The golf in Wii Sports is surprisingly fun, but it's hardly deep or realistic. Along with every other sport represented in the game, it plays more like an appetizer - a fun little sample of what can and should be expected from Wii sports titles in the future. The more you play it, the more you'll wish for a bigger and fuller golf simulator.
Super Swing Golf is the answer to that wish. Though certainly not perfect, it manages to fulfill the potential shown in Wii Sports Golf, delivering a truer-to-life experience without losing any of the charm.
Beginning with the swing itself. Hitting with the correct amount of power in Wii Sports requires mostly luck and memorization - you must discover the right speed of movement through practice mode trial-and-error, then recreate that exact motion from memory on the real attempt. Super Swing, on the other hand, gives you complete control. By pulling your hands, and the remote, back in an arc like an actual golfer would, you fill up the power meter. While bringing them a foot or two back might be appropriate for a short putt, getting them all the way up behind your head will set you up for a maximum distance long drive.
This system not only forces you to play more realistically - a properly timed wrist flick could do the trick in Wii Sports - but also more thoughtfully. Since power and distance are taken care of by your hand placement, the swing is all about form. If you come through your arc nice and straight, the resulting shot will be nice and straight. Twist the remote slightly to the right or left anywhere during the swing and, just as if you had rotated the face of a club, your shot will hook or slice correspondingly.
As a result, and rather amazingly, this means that real-world golfers will do better in a game of Super Swing Golf than those who have never stepped foot on a green. You can master Tiger Woods or Hot Shots by simply learning when and how to hit the right buttons on a controller, but here you must be able to perform with some shred of genuine athleticism. If that sounds intimidating, remember that great athletes also use their brains - in other words, if you can't perfect your swing, you can always identify your weakness and compensate for it with ball spin or direction.
Despite its accurate portrayal of the game, however, Super Swing will not appeal to everyone. Serious hardcore enthusiasts will probably be completely turned off by the art style - which eschews Jack Nicklaus for saucer-eyed cartoon cuties and Pebble Beach for floating volcano islands - as well as by fantastical additions like the physics-defying Tomahawk and Cobra shots. But those who can accept all the silly and saccharine whimsy will appreciate how those magical shots can help them hit the golf ball under a bridge or over a giant windmill. They'll enjoy experimenting on the creative courses, bouncing shots off mushroom tops or aiming them through accelerator portals. And they won't mind buying their nauseatingly cute anime boy in flip-flops and cutoff shorts a new hat because, in RPG style, it improves his club control or his swing power.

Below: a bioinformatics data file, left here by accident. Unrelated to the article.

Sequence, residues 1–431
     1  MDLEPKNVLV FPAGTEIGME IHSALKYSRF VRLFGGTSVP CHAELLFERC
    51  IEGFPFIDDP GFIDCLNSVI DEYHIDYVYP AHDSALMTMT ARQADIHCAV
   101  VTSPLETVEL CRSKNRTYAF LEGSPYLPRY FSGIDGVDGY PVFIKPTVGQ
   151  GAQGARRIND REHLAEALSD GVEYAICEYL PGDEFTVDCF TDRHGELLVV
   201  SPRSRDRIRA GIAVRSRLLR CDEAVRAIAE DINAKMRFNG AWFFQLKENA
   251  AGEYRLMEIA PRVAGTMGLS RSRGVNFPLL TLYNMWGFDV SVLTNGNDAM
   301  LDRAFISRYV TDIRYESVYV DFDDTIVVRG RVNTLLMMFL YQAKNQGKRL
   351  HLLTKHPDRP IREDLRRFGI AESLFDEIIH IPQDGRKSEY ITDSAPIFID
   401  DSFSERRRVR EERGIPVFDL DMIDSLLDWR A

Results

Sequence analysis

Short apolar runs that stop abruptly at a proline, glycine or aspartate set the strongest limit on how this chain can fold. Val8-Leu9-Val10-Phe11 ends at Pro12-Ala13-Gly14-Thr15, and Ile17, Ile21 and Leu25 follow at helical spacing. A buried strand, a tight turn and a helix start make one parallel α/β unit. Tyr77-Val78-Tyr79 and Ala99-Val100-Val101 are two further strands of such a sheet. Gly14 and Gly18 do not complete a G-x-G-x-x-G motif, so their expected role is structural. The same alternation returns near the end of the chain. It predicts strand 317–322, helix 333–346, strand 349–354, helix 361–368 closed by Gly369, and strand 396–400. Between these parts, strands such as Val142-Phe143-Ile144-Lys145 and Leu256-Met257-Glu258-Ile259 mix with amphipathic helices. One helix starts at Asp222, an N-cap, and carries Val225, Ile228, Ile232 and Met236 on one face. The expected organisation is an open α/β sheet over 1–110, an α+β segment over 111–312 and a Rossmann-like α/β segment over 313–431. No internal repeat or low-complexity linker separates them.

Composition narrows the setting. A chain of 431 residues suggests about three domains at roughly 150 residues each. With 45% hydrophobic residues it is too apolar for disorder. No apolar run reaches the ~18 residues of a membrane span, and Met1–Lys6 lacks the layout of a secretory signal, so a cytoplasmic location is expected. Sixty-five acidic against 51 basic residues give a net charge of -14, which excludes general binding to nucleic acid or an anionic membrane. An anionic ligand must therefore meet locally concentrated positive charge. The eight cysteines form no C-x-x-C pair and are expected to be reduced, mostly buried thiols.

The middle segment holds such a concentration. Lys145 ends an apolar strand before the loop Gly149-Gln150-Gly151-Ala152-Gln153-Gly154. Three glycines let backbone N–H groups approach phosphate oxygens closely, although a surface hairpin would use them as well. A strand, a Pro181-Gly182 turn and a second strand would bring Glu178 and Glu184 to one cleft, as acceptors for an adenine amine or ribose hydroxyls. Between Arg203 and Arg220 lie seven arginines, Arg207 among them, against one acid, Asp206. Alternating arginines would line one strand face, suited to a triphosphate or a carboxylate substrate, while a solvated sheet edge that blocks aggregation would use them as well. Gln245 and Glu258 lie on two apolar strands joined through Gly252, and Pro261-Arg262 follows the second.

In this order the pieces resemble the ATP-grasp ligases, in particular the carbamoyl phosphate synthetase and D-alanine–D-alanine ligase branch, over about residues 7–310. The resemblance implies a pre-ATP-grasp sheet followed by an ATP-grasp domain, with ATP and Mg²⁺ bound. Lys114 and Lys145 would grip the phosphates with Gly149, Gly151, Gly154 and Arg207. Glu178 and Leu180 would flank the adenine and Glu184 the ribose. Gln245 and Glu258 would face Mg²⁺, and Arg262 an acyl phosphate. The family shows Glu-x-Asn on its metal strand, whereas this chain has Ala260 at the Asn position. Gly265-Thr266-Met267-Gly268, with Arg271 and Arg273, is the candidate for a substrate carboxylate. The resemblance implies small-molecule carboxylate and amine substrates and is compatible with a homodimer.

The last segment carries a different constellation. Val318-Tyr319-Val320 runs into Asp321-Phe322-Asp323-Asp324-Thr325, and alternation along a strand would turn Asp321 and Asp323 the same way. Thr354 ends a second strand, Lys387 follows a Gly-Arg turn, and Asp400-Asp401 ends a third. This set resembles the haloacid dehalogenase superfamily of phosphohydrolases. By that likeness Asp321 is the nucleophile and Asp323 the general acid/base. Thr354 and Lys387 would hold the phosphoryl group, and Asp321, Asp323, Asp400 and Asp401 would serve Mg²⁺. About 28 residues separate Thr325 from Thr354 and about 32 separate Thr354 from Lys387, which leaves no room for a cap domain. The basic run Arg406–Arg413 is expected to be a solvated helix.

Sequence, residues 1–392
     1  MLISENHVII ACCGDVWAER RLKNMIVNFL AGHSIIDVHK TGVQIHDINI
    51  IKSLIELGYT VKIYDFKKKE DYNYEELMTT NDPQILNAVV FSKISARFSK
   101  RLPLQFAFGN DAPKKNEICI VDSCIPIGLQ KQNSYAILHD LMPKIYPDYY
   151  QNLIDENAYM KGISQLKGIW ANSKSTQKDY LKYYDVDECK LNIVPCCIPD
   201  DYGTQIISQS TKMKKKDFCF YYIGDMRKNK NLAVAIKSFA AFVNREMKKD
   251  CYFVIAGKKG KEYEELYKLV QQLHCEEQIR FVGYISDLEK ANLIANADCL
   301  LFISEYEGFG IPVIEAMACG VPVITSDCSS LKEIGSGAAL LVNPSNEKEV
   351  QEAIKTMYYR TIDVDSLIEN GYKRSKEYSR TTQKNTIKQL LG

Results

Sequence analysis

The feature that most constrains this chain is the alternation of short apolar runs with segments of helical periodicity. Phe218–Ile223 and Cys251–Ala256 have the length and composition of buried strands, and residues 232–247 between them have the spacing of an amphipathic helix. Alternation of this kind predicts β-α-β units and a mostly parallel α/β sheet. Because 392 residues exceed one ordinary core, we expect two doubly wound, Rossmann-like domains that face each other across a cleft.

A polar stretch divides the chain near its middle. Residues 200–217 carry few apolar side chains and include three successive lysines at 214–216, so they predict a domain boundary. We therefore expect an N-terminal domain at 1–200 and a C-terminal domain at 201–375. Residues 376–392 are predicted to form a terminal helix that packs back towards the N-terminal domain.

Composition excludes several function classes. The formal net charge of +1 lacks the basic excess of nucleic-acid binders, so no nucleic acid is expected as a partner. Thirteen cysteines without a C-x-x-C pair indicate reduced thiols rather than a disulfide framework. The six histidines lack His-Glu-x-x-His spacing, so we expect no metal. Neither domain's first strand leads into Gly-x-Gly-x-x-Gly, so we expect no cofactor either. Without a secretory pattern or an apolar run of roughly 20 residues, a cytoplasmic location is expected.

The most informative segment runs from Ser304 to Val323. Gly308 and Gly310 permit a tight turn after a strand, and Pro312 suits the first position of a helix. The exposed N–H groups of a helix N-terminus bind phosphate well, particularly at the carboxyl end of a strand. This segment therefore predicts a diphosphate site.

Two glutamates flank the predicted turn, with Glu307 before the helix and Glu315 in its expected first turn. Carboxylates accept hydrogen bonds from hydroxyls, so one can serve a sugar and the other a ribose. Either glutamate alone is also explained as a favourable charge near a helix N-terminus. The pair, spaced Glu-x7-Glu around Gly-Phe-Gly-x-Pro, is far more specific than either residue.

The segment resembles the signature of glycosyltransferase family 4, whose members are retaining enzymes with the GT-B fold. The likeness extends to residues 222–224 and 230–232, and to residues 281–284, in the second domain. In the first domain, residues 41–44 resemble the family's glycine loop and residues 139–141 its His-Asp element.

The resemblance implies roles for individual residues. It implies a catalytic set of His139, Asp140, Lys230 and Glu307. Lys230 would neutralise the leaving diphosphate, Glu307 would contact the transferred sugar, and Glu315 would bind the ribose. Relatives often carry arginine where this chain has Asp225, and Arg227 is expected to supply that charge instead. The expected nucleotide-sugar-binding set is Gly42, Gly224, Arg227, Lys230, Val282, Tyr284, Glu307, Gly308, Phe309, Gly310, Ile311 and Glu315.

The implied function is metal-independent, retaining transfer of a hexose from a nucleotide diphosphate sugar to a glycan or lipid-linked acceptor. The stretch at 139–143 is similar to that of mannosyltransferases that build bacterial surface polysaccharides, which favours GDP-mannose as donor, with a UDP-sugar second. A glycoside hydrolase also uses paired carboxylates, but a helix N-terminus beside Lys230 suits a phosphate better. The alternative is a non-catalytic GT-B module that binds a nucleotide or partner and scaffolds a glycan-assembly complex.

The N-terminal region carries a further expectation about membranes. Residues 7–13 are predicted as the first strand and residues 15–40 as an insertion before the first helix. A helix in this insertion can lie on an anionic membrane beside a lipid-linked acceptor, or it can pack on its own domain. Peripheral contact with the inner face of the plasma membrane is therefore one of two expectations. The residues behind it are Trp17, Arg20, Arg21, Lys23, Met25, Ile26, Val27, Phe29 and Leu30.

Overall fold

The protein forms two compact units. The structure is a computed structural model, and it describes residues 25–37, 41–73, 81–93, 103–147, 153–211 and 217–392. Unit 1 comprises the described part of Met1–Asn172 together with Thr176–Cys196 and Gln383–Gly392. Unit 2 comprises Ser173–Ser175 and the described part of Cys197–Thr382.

If you don't have another person to play with, you may also want to avoid Super Swing Golf. The single player campaign, though extensive and rewarding to those with enough patience, will be extremely frustrating to everyone else. The computer-controlled opponents are merciless. They'll treat you like an old friend in the text-only match introductions (what, a Wii DVD can't store voice?), then completely wreck you on the holes. Even more maddening is that they'll toy with your emotions, hitting a terrible shot into the sand, and then pulling off an otherworldly chip shot to fully compensate for their earlier mistake.
Go online, you suggest? You can't. Yes, this game was adapted from a massively multiplayer online golf simulator and, no, it doesn't make any sense. But there you have it.
If you do have some golf-loving friends or family, Super Swing Golf continues the short but already strong Wii tradition of excellent same-room multiplayer. You can pass one remote between four players for a full swinging party or, if everyone has their own remote, switch over to something really unique like Balloon Pop mode (one player attempts to hit balloons with their ball, while the others use their remotes to write on the screen or increase the wind).